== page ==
A Conversation with Climate & Leadership Advisor, Andrea Learned

by | May 10, 2023

Andrea Learned C-Suite

Thank you, Andrea, for providing insight into your work as a climate and leadership advisor.

The following conversation covers Andrea Learned’s career as a climate influencer and leadership advisor, with a focus on her approach to sustainability, leadership style, and ESG strategy. Emphasizing the importance of authentic social platform engagement as a tool for leadership platform development and the need for positive, hopeful, and enthusiastic approaches to making real change. And highlighting the commercial benefits of establishing a corporate ESG strategy and the need for transparency with all stakeholders.

What advice does she have for new executives, including the importance of building authentic community engagement, regular interaction, and feedback from younger generation staff? Read on to find out. 

Define your leadership style:

I am a sole proprietor, but as an advisor/climate influencer and leadership advisor, I am known for being unconventionally authentic and transparent, for wanting to coach and bring others along, and for elevating the good stories and successes rather than focusing on the bad or the failures.

How would you describe the climate and culture where you work?

My work with clients and collaborators is a positive, hopeful, enthusiastic approach, with a priority on not doing things the way they’ve always been done, but rethinking and going back to basics of engaging stakeholders to make real change.

Define Sustainability in your own words. How does your definition of sustainability relate to the overall goals, values, and mission of the organization? 

I take the “sustain” part seriously. What are the small things that can be done to make a big change and make it quickly, and how can we message that so that we impact others in our community? My goals with my business are to influence change in a huge way and quickly, wrapped in joy. I aim to lift others up who are aligned, without asking for anything in return – as “naming and faming” is an incredible way to grow and build social capital. My values are finding ways to live the change and forward the change – via the simplest, low-tech solutions – like biking for transportation or moving to a plant-based diet (and thinking about how to fly less, etc.). I LIVE my change, and that has really proven to resonate with my clients and audiences.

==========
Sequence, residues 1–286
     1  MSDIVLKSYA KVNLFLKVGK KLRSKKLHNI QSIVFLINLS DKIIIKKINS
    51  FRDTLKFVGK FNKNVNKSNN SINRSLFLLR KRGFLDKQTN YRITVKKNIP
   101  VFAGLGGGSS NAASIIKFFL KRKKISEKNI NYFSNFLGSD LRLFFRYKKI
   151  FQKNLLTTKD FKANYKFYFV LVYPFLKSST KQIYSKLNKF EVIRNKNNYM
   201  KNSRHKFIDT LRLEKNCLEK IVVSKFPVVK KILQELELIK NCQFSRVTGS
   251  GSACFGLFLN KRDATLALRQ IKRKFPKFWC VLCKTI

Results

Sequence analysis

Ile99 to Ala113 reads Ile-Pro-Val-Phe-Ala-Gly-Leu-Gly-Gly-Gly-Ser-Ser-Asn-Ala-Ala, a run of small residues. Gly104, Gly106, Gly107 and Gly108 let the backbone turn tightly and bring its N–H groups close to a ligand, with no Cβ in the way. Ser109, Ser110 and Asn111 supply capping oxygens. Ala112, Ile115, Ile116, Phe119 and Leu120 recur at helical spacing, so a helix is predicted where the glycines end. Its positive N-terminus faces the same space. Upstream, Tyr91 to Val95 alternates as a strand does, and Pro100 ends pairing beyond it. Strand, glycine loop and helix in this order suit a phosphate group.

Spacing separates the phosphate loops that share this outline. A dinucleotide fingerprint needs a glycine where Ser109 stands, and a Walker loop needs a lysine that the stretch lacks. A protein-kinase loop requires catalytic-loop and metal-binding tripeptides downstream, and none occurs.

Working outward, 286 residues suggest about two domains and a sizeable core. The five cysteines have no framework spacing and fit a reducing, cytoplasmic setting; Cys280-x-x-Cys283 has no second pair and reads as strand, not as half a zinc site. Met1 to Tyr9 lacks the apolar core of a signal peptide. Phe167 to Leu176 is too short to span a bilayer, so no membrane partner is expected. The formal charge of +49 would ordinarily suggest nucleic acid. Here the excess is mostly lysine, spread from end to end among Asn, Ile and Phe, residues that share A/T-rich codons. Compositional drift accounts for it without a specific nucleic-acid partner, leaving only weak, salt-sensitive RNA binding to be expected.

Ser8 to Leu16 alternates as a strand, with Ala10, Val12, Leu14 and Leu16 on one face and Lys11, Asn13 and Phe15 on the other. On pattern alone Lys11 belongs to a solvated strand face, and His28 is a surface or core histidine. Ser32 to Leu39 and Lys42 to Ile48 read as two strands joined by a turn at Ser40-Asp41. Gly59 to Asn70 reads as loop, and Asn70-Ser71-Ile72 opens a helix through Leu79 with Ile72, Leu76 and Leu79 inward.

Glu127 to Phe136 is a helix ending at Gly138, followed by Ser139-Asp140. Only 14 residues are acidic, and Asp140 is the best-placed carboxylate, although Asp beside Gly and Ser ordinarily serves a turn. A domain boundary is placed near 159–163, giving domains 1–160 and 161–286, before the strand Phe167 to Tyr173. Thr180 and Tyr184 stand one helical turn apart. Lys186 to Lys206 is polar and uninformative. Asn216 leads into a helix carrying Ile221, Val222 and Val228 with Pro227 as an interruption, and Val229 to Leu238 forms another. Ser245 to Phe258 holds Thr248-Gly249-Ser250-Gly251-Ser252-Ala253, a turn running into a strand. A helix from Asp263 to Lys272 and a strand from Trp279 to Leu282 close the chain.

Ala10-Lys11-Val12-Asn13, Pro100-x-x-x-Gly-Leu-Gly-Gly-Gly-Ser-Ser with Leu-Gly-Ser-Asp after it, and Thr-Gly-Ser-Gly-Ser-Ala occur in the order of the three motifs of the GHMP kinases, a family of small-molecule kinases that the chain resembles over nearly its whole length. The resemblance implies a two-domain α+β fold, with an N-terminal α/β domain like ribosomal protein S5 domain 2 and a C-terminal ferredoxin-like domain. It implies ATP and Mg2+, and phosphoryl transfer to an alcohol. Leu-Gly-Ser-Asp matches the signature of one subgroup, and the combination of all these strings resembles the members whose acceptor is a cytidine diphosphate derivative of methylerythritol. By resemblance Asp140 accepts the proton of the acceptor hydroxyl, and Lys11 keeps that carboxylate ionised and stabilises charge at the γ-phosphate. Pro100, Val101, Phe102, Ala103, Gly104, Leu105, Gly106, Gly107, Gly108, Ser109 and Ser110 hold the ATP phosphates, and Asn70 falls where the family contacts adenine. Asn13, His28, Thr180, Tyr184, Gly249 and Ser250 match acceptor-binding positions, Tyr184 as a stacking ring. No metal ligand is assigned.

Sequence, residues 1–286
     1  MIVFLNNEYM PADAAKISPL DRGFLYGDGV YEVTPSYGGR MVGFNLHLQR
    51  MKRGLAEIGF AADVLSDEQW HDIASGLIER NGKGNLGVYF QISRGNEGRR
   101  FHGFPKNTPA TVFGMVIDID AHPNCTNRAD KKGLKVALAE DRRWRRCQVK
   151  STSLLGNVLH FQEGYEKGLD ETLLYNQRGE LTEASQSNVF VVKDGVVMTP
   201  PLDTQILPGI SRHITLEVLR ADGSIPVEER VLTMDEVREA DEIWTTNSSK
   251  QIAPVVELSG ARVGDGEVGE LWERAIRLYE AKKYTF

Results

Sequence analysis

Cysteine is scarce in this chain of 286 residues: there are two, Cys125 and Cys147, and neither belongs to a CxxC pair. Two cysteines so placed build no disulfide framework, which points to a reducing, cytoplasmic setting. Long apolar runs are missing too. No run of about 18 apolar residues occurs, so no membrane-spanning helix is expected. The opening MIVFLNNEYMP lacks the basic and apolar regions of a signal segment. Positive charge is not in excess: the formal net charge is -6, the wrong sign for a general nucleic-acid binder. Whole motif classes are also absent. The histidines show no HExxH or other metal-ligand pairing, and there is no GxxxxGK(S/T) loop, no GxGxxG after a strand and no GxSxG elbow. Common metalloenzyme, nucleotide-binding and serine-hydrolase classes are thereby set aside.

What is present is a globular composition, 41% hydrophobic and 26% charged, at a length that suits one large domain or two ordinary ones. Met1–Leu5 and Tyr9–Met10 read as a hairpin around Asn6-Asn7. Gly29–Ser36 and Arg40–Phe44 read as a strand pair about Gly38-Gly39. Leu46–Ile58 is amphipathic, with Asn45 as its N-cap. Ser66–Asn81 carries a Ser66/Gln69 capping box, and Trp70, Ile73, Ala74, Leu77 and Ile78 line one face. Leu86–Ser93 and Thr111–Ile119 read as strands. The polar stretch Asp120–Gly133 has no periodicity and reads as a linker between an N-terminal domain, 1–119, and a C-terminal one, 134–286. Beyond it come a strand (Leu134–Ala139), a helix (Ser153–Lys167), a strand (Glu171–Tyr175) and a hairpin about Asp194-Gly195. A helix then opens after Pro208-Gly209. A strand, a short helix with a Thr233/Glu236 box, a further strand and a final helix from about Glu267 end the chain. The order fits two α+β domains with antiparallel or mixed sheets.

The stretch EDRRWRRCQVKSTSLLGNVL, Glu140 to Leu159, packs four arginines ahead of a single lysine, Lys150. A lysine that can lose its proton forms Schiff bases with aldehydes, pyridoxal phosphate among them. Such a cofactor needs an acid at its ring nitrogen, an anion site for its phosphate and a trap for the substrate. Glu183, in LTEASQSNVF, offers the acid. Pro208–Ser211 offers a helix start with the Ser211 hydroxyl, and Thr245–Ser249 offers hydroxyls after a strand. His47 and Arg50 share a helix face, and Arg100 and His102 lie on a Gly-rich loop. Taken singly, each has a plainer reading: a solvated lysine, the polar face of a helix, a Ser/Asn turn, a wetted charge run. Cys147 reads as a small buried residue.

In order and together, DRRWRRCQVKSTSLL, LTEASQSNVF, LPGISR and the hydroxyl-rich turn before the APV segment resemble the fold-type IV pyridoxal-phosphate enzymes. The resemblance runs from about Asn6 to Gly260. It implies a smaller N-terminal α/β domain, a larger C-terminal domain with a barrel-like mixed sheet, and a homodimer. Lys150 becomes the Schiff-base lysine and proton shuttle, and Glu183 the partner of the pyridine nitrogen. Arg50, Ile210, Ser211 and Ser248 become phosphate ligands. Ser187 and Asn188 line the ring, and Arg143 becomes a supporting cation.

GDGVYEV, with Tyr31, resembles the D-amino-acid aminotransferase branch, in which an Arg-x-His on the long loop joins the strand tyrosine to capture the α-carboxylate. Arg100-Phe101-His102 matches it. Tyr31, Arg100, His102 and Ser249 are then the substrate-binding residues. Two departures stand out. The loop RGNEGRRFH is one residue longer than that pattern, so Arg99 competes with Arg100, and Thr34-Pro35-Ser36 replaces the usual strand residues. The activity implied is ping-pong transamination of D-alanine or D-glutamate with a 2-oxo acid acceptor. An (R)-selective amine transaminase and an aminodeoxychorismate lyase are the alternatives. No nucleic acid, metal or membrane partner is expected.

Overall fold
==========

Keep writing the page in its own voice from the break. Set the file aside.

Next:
What are the commercial benefits of establishing a corporate ESG strategy? 

As a communicator and leadership platform advisor, the benefits are building that foundation of trust from which you can move and activate stakeholders on so many other things moving forward. As well, consumers and partner businesses are more likely to be focused on buying from organizations that have an authentic ESG aim and are holding themselves accountable. The businesses that do not address this and message it well will soon be seen as completely irrelevant.

What steps do you personally take to ensure transparency with all stakeholders?

I’ve long used my natural voice and communication style as my north star. I’ve never let corporate speak or the established ways of communicating hold me back. What I’ve found over my now 15 years in sustainability and climate leadership spaces is that audiences and stakeholders appreciate my refreshing honesty and human-ness. I’d love to see more CEOs coached to embrace their own voice and style because that is what will help move the needle in changing leadership social norms in acting on sustainability and climate.

How have you, personally, worked to align ESG goals and initiatives with your company’s value system?

I live and breathe it, and as a sole proprietor, have built my entire platform and reputation as someone who lives her values.

What major industry changes do you anticipate seeing in the next 5-10 years?